Federal report says there were “serious flaws” in the investigations of the suicide of war veteran Stuart Langridge

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Federal report says there were “serious flaws” in the investigations of the suicide of war veteran Stuart Langridge

There were “serious flaws” in the investigations of the suicide of Afghanistan war veteran Stuart Langridge with poorly supervised military police seemingly unable to cope with even basic policing techniques, says a hard-hitting federal report released today.

The Military Police Complaints Commission’s three volume, 1,008-page final report includes 46 recommendations aimed at comprehensive, top-down military policing, especially in “sudden death” cases.

But military police commanders have already rejected or ignored all but a few of the recommendations in their response to the report. Langridge committed suicide at Canadian Forces Base Edmonton on March 15, 2008, after several attempts and after battling depression and alcohol and drug abuse — all now recognized as symptoms of post-traumatic stress disorder.

Langridge’s parents brought 33 complaints against the National Investigation Service (NIS) — the military’s detective force — claiming it was biased, negligent and incompetent in three investigations it conducted related to the soldier’s suicide.

The MPCC rejected the allegations that the NIS had been bias in its investigations but did recommend that the military police make a greater effort to assert their independence from mainstream military.

As expected, the report targeted the single highest-profile aspect of the case:

The keeping of the soldier’s simple, handwritten suicide note from his parents for 14 months.

That act resulted in the soldier’s last wish, for a private, family funeral, being ignored in favour of a full military funeral.

The Fynes have described the discovery of the note as “emotionally devastating.”

The report recommends that for “greater clarity” military police adopt a specific policy on suicide notes.

Aside from criticizing the length of time the NIS took to hand over the suicide note, the report is also critical of NIS senior officers for not explaining to Langridge’s family why it was withheld in the first place or whether foul play was ruled out before the soldier’s funeral. During the 2012 hearings, NIS officers said they had withheld the note in the interests of Langridge’s family in case he had been the victim of foul play and the suicide note forged.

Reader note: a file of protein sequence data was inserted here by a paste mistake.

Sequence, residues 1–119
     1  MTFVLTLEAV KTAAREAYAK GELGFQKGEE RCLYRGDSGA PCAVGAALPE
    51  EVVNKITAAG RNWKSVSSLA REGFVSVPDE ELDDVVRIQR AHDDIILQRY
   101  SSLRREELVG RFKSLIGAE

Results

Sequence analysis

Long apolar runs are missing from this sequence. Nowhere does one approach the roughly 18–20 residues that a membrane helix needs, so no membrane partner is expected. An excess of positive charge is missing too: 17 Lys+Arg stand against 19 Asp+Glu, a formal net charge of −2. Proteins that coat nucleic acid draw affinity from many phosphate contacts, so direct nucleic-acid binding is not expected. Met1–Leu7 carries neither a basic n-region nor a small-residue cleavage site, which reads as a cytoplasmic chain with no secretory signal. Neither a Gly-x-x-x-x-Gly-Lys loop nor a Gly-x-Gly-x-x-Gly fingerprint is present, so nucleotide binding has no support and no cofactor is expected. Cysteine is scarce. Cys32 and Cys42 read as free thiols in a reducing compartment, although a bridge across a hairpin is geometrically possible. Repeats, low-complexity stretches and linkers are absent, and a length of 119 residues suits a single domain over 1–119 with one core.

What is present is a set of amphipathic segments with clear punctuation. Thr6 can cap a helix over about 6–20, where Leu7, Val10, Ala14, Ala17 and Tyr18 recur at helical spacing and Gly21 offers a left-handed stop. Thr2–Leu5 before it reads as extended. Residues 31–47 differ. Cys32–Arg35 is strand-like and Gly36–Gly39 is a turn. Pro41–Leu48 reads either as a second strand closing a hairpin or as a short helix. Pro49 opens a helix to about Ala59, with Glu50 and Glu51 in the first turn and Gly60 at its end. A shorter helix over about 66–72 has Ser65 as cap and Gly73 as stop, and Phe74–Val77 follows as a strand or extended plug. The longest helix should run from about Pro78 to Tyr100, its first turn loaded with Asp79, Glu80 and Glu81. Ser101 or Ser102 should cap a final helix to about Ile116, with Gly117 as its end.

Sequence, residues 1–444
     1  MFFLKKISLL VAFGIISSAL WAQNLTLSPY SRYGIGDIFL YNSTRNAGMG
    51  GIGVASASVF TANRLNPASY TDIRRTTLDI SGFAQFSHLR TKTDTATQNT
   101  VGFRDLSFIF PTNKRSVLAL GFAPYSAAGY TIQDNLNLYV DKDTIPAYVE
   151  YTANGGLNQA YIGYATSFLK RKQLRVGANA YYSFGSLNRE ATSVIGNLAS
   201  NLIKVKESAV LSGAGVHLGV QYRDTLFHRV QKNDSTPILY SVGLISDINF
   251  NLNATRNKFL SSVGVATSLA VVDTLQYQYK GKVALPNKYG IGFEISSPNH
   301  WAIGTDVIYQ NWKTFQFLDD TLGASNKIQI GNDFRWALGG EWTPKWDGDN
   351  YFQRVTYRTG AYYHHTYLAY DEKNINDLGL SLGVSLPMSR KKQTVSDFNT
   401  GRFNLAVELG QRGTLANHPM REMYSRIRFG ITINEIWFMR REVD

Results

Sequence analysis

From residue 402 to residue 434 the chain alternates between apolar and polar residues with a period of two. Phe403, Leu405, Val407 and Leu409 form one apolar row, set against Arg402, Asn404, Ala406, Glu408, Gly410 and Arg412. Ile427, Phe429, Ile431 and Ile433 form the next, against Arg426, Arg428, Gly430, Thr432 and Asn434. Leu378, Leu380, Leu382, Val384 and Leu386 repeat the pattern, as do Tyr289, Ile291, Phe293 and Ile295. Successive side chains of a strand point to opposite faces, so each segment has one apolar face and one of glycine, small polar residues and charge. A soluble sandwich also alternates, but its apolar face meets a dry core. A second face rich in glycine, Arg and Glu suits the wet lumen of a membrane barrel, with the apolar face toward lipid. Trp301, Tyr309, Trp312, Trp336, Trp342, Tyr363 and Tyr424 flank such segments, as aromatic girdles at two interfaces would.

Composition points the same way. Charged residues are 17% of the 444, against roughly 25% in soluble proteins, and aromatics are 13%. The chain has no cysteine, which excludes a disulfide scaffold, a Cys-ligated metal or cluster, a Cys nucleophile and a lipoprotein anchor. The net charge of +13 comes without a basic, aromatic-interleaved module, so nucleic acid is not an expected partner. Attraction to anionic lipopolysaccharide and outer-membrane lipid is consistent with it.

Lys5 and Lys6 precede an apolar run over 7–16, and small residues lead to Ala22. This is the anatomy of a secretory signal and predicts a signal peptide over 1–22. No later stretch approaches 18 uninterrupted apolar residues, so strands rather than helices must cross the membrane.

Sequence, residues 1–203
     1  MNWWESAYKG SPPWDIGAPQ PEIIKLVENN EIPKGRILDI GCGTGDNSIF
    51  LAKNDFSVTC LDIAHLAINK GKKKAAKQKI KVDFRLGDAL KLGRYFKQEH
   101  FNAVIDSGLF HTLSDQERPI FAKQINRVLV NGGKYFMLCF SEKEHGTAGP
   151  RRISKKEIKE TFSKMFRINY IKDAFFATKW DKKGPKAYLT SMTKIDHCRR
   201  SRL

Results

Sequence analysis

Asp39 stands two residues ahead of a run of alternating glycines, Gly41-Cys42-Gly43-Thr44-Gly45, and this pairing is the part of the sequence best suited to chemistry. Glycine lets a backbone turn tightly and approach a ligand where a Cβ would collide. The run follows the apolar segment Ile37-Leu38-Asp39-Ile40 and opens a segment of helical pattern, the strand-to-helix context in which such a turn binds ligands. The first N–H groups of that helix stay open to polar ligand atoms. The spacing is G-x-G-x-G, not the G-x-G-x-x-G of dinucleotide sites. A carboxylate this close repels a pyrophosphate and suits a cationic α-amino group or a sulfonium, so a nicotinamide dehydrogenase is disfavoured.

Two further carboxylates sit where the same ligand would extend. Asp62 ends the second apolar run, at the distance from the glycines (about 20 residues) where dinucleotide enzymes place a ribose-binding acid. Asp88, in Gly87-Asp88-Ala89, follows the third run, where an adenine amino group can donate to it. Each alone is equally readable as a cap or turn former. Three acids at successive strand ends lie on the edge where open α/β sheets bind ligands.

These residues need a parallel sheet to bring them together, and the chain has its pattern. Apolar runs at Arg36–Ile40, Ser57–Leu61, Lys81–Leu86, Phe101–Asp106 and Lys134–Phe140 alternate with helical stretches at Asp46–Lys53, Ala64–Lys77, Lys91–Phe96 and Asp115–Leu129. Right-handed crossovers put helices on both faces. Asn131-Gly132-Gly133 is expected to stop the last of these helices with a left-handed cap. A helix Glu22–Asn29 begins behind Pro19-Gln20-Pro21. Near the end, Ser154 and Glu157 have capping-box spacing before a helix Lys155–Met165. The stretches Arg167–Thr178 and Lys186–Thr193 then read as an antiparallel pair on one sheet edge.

The Commission found significant deficiencies in the investigations conducted by the Canadian Forces National Investigation Service and unacceptable errors in the way the Military Police interacted with the Fynes, particularly in the mishandling of Cpl. Langridge’s suicide note.
— Commission chair Glen Stannard

Other key recommendations:

* Better supervision of military police investigators, especially when complex facts and allegations are involved.

* Meaningful and substantive briefings for families during sudden death investigations.

* Increased opportunities for military police investigators to improve their skills through secondment to civilian police forces.

* Experienced federal, provincial or municipal police investigators should be brought in to lead sudden death investigations.

* Property seized as part of an investigation should be immediately returned to families when no longer needed as evidence.

* Suicide notes should be withheld only if there are compelling reasons for suspecting foul play.

* Full face-to-face briefings should be held between a departing investigator and officers new to the case.

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